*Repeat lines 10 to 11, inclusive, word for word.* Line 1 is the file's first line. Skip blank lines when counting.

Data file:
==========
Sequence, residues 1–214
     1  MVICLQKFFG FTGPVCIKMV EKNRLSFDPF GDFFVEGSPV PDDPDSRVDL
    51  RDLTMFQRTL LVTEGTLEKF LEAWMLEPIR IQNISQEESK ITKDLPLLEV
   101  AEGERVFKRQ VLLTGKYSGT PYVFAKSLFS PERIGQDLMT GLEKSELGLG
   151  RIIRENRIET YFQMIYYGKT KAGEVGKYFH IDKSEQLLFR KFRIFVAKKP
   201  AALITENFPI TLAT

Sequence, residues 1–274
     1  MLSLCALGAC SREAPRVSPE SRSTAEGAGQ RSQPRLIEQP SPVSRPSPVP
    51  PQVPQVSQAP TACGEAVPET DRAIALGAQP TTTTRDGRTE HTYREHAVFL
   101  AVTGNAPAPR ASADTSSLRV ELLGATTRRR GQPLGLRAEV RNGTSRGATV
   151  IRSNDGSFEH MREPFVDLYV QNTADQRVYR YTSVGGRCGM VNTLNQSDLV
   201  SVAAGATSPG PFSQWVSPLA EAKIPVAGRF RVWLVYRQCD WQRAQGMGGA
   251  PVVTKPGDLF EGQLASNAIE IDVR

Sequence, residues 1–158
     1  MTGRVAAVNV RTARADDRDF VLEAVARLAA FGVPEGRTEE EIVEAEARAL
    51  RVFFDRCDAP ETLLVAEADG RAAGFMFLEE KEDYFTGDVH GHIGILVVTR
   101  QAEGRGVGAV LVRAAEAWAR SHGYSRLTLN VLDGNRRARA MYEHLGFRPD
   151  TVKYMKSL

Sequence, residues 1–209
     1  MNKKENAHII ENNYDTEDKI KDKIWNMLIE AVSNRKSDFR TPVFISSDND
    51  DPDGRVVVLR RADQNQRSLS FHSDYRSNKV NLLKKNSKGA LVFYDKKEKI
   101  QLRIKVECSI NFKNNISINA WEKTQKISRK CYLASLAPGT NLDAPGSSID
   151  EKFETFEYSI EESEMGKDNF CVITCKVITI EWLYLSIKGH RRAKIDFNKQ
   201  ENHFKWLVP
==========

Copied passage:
   101  AVTGNAPAPR ASADTSSLRV ELLGATTRRR GQPLGLRAEV RNGTSRGATV
   151  IRSNDGSFEH MREPFVDLYV QNTADQRVYR YTSVGGRCGM VNTLNQSDLV